Connecting decision makers to a dynamic network of information, people and ideas, Bloomberg quickly and accurately delivers business and financial information, news and insight around the world.
+1 212 318 2000
Europe, Middle East, & Africa
+44 20 7330 7500
+65 6212 1000
JEFFERSON CITY, Mo.
Missouri Gov. Jay Nixon is planning to cut about $350 million before approving the budget passed by state lawmakers.
Nixon budget director Linda Luebbering said Tuesday the additional budget cuts are necessary because of falling state revenue, uncertain cuts that were factored into the budget and lawmakers' refusal to approve other bills whose anticipated savings were booked into the spending plan that takes effect July 1. The proposed spending cut would amount to roughly 5 percent of the general revenue money over which the state has the most control.
Specific cuts will be announced when the governor signs the budget, which is expected to be in mid-June. Luebbering said the additional cuts are likely to come through trimming programs and eliminating state jobs.
"We were out of easy cuts a long time ago," Luebbering said.
Many lawmakers had acknowledged that the governor likely would need to make more cuts to the budget, but Republican House leaders have asserted their budget is balanced.
Budget Committee Chairman Allen Icet, R-Wildwood, told reporters immediately after lawmakers completed their annual legislative session Friday that he remained comfortable calling the budget balanced even though some of the proposed cost savings had not passed.
Lawmakers last month approved a $23.3 billion operating budget for the 2011 fiscal year. That includes about $456 million cut from the governor's original budget after Nixon said $500 million needed to be eliminated because of falling state revenue and uncertainty with federal stimulus money.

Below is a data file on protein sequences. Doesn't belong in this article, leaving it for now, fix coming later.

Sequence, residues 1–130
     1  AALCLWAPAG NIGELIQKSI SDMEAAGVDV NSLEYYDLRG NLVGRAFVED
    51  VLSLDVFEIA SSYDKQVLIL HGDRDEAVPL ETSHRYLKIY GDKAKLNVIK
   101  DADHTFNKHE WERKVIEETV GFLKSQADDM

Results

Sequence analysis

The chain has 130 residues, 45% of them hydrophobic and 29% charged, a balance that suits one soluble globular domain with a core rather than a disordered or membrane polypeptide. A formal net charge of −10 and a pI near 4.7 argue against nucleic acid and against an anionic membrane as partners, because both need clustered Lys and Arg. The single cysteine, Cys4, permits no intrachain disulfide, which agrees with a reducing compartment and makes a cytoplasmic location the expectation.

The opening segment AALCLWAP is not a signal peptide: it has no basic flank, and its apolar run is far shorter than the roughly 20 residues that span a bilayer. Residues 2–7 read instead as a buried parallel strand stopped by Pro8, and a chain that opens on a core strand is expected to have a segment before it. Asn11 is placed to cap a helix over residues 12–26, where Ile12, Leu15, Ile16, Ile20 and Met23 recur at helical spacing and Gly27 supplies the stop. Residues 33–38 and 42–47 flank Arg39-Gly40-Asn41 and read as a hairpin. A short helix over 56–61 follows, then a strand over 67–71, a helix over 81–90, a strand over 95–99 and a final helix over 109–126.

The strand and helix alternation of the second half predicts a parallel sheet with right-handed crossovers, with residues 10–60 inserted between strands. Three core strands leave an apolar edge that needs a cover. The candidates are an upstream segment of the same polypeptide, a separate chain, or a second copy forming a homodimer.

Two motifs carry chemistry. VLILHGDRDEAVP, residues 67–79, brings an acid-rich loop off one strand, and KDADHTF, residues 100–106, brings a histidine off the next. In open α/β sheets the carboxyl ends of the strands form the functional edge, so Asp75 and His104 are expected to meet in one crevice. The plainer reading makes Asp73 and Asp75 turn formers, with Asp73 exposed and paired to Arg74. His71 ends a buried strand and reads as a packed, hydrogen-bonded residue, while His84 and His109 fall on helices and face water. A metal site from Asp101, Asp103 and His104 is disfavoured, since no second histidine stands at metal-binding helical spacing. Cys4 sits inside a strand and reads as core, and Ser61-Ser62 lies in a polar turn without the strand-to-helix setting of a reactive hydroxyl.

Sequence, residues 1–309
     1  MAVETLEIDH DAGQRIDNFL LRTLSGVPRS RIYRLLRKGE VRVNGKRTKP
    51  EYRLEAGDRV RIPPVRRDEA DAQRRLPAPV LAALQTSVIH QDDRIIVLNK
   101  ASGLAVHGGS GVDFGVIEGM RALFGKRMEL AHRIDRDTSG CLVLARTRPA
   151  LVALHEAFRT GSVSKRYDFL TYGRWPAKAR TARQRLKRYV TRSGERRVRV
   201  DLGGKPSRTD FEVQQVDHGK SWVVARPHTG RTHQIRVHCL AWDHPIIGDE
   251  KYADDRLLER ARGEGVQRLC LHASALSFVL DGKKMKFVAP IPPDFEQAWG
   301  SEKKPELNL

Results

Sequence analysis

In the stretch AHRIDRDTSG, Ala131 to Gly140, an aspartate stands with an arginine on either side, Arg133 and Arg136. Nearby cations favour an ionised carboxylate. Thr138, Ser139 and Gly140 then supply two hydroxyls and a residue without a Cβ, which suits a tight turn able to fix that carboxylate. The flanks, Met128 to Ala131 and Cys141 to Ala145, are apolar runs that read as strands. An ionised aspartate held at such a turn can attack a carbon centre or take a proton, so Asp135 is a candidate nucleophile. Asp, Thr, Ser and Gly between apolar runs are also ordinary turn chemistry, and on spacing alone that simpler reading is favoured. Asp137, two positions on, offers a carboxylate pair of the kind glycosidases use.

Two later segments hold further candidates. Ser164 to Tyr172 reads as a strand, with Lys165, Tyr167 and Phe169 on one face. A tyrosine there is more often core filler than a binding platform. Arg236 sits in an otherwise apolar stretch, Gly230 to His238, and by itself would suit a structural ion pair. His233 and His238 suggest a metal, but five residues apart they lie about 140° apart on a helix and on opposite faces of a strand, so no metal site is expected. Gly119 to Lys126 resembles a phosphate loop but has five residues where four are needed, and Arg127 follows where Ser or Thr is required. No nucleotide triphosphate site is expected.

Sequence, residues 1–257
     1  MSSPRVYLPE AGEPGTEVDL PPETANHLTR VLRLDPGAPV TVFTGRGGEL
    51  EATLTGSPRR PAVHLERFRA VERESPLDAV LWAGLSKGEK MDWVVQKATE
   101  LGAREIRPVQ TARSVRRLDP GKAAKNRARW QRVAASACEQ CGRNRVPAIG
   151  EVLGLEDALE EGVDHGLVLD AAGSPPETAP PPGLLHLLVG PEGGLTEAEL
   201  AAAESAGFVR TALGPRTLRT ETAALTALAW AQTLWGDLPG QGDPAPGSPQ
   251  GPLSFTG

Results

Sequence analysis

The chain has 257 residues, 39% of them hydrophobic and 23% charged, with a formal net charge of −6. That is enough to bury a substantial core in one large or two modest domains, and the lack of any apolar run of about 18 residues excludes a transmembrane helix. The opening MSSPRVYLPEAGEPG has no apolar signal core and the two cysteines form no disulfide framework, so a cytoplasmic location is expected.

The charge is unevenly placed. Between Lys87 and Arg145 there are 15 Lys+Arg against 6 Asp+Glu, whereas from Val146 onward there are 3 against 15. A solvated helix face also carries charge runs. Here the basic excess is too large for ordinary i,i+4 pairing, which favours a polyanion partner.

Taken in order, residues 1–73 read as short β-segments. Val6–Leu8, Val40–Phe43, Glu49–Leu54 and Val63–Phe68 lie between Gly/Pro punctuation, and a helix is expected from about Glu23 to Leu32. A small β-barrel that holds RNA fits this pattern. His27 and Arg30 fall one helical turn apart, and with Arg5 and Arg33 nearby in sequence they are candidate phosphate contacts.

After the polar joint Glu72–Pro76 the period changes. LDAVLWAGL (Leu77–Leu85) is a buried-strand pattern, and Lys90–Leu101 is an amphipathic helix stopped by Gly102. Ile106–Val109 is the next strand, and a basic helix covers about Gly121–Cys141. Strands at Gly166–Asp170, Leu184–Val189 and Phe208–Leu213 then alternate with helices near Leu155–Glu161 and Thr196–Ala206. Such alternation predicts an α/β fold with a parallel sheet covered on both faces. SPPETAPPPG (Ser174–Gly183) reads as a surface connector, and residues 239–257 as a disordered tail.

The Legislature spread its cuts across numerous state programs and cut roughly 1,000 government positions.
Within the budget, basic state funding for K-12 public school districts remains the same even though Missouri's school funding formula called for a more than $100 million increase, schools receive less state aid for busing and the Parents as Teachers early childhood program is cut by more than half. Colleges and universities get a 5 percent budget cut and less money is spent for twice-daily Amtrak passenger train service between St. Louis and Kansas City.
Senate Appropriations Committee Chairman Rob Mayer said lawmakers had shown leadership by cutting state spending.
"We protected Missouri taxpayers by passing a budget that funds government operations at a level taxpayers can afford -- without a tax increase," said Mayer, R-Dexter. "We accomplished this daunting task ahead of schedule, despite the fact that Gov. Nixon put off until March the reality that the budget he proposed in January was dramatically out of balance."
Nixon's planned budget cuts are designed to offset shortfalls of $89 million because of legislation that did not pass, $55 million because of uncertain savings that were included in the budget and $200 million because of declining revenue.
Lawmakers booked $125 million in budget savings but only passed the legislation necessary to realize $36 million of that. The proposals that did not pass include requiring Medicaid managed care companies to pay an insurance premium tax from which they currently are exempt, requiring future state workers to pay into their pension system and retire later and eliminating state holidays for the birthdays of Harry Truman and Abraham Lincoln.
The Legislature's budget also includes about $55 million in savings that Nixon's budget office does not believe can be counted on yet. Those savings include using funding sources that are not permitted and dropping the anticipated growth in the number of people enrolled in Medicaid.
In addition, state revenues have continued to decline. For example, figures released earlier this month show that Missouri's net general revenue was 3.6 percent less in April compared to the same month last year. And for the first 10 months of the current budget year, revenues were down more than 11 percent.